“Most of the people are kind of at a loss as to what they’re supposed to do,” said Dr. Richard Lamb, a dentist who has practiced in the same Locust Point office for nearly 39 years. “I listen to the news reports. I listen to the clergymen. I listen to the facts of the rampant unemployment and the lack of opportunities in the area. Listen, I pay my taxes. Exactly what can I do?”

And in Canton, where the restaurants have clever names like Nacho Mama’s and Holy Crepe Bakery and Café, Sara Bahr said solutions seemed out of reach for a proudly liberal city.

“I can only imagine how frustrated they must be,” said Ms. Bahr, 36, a nurse who was out with her 3-year-old daughter, Sally. “I just wish I knew how to solve poverty. I don’t know what to do to make it better.”

The day of unrest and the overwhelmingly peaceful demonstrations that followed led to hundreds of arrests, often for violations of the curfew imposed on the city for five consecutive nights while National Guard soldiers patrolled the streets. Although there were isolated instances of trouble in Canton, the neighborhood association said on its website, many parts of southeast Baltimore were physically untouched by the tumult.

Tensions in the city bubbled anew on Monday after reports that the police had wounded a black man in Northwest Baltimore. The authorities denied those reports and sent officers to talk with the crowds that gathered while other officers clutching shields blocked traffic at Pennsylvania and West North Avenues.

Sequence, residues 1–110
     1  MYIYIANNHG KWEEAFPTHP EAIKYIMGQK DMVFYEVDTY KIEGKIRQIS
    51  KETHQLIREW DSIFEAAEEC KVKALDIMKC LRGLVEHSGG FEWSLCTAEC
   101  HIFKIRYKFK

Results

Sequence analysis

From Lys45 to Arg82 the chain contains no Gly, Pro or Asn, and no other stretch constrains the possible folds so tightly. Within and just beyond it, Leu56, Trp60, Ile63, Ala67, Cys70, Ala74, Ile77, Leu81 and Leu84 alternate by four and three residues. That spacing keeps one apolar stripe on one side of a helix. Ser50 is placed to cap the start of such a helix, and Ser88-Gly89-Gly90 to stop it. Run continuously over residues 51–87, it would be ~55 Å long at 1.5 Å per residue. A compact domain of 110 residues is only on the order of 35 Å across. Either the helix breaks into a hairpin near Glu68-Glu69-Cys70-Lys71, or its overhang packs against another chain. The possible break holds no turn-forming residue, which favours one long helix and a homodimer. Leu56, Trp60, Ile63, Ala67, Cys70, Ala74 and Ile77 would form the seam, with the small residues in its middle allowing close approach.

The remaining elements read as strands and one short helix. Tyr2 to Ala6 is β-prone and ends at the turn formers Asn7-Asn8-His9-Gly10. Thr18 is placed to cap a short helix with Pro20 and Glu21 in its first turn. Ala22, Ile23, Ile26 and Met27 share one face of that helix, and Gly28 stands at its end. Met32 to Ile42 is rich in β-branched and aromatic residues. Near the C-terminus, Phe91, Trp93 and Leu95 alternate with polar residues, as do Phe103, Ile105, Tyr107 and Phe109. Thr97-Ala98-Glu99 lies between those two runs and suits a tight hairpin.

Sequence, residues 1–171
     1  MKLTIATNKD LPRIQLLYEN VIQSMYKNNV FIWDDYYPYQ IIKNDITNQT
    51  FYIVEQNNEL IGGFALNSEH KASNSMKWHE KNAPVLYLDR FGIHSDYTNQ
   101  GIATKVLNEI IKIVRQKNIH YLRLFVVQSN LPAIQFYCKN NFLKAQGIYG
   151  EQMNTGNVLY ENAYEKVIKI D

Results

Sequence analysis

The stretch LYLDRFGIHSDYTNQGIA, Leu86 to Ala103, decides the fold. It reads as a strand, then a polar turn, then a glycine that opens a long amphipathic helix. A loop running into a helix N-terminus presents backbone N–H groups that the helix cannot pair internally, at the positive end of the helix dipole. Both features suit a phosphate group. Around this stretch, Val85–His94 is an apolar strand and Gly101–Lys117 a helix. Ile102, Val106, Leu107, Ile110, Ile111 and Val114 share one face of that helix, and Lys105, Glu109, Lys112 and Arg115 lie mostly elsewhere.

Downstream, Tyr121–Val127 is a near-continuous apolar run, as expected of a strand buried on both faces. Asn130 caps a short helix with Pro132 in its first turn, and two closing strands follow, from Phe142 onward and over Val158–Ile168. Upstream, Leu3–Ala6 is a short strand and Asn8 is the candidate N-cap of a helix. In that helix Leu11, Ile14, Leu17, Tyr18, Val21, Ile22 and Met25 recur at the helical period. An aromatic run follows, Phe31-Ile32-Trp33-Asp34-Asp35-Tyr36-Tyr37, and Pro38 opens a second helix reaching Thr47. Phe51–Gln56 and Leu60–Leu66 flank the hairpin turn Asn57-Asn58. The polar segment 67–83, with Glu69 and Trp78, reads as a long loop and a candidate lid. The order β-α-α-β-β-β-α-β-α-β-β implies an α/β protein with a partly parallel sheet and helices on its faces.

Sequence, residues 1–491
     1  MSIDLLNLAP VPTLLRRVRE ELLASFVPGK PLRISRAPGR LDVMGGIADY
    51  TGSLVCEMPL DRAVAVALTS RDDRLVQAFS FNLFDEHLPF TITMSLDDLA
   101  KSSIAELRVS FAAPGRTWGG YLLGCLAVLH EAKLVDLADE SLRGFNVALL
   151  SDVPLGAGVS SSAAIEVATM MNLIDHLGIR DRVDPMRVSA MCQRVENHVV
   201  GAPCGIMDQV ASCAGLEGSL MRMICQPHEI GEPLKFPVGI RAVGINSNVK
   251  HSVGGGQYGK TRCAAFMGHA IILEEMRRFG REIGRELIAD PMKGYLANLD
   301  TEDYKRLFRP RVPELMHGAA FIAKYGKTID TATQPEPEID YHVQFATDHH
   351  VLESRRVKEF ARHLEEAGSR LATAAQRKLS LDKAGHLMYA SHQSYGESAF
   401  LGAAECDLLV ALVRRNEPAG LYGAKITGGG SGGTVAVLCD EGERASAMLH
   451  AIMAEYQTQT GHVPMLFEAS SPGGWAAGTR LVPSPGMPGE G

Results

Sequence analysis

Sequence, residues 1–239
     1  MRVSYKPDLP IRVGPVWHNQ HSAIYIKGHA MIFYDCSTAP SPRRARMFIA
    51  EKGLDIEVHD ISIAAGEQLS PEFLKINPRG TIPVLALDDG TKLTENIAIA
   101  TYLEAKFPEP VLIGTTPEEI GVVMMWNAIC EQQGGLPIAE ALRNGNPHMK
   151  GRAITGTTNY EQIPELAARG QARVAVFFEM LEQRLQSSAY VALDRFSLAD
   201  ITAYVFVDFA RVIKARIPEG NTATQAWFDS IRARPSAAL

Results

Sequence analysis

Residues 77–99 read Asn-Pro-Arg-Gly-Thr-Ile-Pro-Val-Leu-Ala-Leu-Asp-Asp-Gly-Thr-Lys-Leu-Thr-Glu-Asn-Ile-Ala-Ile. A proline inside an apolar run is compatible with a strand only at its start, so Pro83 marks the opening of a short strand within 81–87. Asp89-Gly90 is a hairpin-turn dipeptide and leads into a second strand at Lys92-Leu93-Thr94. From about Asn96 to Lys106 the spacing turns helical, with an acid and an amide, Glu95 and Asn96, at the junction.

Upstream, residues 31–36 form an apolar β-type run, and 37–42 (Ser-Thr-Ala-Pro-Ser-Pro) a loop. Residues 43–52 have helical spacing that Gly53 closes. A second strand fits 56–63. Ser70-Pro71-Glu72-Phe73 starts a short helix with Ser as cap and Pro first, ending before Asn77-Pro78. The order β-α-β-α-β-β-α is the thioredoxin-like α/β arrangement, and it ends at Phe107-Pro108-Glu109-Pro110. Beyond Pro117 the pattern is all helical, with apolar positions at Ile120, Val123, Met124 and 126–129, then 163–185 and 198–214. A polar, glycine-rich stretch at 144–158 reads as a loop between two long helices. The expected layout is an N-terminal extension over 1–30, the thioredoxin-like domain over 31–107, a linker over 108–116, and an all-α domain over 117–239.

Lt. Col. Melvin Russell, a community police officer, said officers had stopped a man suspected of carrying a handgun and that “one of those rounds was spent.”

Colonel Russell said officers had not opened fire, “so we couldn’t have shot him.”

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Lambi Vasilakopoulos, right, who runs a casual restaurant in Canton, said he was incensed by last week's looting and predicted tensions would worsen. Credit Drew Angerer for The New York Times

The colonel said the man had not been injured but was taken to a hospital as a precaution. Nearby, many people stood in disbelief, despite the efforts by the authorities to quash reports they described as “unfounded.”

Monday’s episode was a brief moment in a larger drama that has yielded anger and confusion. Although many people said they were familiar with accounts of the police harassing or intimidating residents, many in Canton and Locust Point said they had never experienced it themselves. When they watched the unrest, which many protesters said was fueled by feelings that they lived only on Baltimore’s margins, even those like Ms. Bahr who were pained by what they saw said they could scarcely comprehend the emotions associated with it.